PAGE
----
2,2,2-Trifluoroethanol changes the transition kinetics and subunit interactions in the small bacterial mechanosensitive channel MscS

B. Akitake, R.E.J. Spelbrink, A. Anishkin, J.A. Killian, B. de Kruijff, S. Sukharev

Research output: Contribution to journalArticleAcademicpeer-review


2,2,2-Trifluoroethanol (TFE), a low-dielectric solvent, has recently been used as a promising tool to probe the strength of intersubunit interactions in membrane proteins. An analysis of inner membrane proteins of Escherichia coli has identified several SDS-resistant protein complexes that separate into subunits upon exposure to TFE. One of these was the homo-heptameric stretch-activated mechanosensitive channel of small conductance (MscS), a ubiquitous component of the bacterial turgor-regulation system. Here we show that a substantial fraction of MscS retains its oligomeric state in cold lithiumdodecyl-sulfate gel electrophoresis. Exposure of MscS complexes to 10–15 vol % TFE in native membranes or nonionic detergent micelles before lithium-dodecyl-sulfate electrophoresis results in a complete dissociation into monomers, suggesting that at these concentrations TFE by itself disrupts or critically compromises intersubunit interactions. Patch-clamp analysis of giant E. coli spheroplasts expressing MscS shows that exposure to TFE in lower concentrations (0.5–5.0 vol %) causes leftward shifts of the dose-response curves when applied extracellularly, and rightward shifts when added from the cytoplasmic side. In the latter case, TFE increases the rate of tension-dependent inactivation and lengthens the process of recovery to the resting state. MscS responses to pressure ramps of different speeds indicate that in the presence of TFE most channels reside in the resting state and only at tensions near the activation threshold does TFE dramatically speed up inactivation. The effect of TFE is reversible as normal channel activity returns 15–30 min after a TFE washout. We interpret the observed midpoint shifts in terms of asymmetric partitioning of TFE into the membrane and distortion of the bilayer lateral pressure profile. We also relate the increased rate of inactivation and subunit separation with the capacity of TFE to perturb buried interhelical contacts in proteins and discuss these effects in the framework of the proposed gating mechanism of MscS.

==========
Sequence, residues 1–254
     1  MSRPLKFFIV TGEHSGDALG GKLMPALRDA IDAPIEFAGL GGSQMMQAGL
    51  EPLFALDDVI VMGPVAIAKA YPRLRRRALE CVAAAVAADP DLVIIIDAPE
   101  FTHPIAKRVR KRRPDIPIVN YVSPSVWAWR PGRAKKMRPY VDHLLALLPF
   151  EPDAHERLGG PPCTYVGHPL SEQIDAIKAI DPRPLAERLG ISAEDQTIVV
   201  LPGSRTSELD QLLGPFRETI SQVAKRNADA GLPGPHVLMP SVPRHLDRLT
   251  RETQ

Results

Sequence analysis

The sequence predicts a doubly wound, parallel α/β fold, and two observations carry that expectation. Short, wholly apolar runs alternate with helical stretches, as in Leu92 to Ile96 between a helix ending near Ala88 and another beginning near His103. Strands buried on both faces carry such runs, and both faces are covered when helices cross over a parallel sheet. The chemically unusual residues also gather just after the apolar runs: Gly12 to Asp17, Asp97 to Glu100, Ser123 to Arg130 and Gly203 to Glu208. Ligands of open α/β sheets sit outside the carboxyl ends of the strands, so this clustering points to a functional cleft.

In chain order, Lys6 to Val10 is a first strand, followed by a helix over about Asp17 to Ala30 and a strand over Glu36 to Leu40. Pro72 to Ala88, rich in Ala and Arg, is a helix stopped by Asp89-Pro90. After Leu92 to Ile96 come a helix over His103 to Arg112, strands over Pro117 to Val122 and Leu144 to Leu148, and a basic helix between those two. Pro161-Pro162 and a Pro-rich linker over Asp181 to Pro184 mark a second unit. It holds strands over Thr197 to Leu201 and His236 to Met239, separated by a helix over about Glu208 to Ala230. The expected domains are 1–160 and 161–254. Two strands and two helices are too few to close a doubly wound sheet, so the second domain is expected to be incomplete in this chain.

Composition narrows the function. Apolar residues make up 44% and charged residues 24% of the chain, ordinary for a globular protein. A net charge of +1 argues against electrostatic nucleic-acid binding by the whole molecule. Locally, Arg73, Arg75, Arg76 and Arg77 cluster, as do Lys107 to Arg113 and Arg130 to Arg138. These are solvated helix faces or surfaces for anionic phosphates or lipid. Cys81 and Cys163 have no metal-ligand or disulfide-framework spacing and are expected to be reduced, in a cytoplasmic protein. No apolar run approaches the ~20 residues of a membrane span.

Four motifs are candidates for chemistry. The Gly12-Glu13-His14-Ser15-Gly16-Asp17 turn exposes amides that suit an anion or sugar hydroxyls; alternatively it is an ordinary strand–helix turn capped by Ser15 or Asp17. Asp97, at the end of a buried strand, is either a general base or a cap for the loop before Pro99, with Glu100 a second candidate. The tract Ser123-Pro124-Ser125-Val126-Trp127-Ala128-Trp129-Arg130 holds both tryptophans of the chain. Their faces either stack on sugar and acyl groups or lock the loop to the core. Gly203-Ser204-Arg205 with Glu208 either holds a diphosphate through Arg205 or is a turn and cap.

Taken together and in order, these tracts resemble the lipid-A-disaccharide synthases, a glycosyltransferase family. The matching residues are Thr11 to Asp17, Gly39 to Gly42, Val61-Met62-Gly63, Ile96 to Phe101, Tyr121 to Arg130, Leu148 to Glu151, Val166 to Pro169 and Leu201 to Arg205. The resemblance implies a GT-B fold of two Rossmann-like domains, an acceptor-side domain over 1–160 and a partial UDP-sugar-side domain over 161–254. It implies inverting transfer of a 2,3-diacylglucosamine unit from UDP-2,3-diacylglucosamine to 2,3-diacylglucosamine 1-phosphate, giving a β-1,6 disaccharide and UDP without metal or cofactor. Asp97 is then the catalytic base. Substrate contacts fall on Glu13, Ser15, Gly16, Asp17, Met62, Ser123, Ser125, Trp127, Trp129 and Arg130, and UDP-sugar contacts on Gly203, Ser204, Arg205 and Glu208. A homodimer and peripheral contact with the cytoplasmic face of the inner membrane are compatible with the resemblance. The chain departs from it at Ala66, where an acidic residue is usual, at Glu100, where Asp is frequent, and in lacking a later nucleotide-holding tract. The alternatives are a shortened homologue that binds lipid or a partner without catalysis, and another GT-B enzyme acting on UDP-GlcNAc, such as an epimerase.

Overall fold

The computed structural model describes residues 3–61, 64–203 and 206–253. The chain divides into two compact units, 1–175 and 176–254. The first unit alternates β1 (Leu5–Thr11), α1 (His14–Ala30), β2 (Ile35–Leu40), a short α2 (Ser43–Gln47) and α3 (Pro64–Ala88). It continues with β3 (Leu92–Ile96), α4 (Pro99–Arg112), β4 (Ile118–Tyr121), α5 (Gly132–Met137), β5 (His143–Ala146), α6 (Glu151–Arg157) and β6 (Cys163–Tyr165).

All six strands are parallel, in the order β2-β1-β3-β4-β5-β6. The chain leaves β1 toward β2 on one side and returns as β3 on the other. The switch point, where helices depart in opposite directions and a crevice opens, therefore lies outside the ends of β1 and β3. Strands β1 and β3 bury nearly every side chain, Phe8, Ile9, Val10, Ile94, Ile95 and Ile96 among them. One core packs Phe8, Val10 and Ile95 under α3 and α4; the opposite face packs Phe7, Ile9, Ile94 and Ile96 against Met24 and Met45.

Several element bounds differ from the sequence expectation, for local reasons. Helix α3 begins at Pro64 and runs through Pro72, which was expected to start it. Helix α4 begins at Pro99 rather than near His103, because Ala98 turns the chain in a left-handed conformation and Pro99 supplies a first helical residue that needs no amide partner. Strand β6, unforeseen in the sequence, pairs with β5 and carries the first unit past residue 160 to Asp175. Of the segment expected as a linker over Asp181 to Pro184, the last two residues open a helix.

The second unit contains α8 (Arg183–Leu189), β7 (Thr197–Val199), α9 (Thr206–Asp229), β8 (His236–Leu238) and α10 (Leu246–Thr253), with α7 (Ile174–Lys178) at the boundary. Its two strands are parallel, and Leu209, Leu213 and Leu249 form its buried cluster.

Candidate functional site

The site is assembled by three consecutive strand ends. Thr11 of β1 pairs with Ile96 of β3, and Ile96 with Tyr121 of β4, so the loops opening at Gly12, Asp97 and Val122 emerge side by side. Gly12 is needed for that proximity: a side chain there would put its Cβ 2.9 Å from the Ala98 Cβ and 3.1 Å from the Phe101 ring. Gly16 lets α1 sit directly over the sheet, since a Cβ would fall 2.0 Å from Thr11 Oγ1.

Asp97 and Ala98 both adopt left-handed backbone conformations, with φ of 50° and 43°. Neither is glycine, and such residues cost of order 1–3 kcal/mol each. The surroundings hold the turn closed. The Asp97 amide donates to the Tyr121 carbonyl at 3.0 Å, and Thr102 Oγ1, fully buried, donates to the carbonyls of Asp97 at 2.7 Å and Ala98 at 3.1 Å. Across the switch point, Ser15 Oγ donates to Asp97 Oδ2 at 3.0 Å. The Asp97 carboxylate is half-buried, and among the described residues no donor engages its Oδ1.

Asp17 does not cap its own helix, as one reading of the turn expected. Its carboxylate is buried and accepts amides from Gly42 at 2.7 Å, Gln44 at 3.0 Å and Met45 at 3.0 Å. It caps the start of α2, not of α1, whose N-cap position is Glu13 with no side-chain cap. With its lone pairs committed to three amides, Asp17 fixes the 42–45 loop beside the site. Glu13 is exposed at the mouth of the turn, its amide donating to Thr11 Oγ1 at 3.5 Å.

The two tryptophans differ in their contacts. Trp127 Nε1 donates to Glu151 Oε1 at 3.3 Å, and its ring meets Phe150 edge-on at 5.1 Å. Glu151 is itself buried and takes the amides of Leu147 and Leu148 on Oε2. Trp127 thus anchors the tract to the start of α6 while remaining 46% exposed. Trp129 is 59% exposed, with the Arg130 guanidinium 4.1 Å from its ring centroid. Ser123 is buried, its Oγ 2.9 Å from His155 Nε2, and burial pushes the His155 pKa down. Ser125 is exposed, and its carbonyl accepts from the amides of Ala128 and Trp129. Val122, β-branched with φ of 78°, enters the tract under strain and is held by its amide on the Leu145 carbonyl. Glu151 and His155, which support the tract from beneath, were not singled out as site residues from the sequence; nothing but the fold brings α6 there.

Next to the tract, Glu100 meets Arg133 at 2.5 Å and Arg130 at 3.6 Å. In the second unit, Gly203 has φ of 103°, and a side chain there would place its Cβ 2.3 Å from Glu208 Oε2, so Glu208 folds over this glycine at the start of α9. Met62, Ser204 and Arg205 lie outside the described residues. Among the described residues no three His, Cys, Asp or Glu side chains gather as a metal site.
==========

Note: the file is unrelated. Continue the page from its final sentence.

Original languageUndefined/Unknown
Pages (from-to)2771-2784
Number of pages14
JournalBiophysical Journal
Publication statusPublished - 2007

Cite this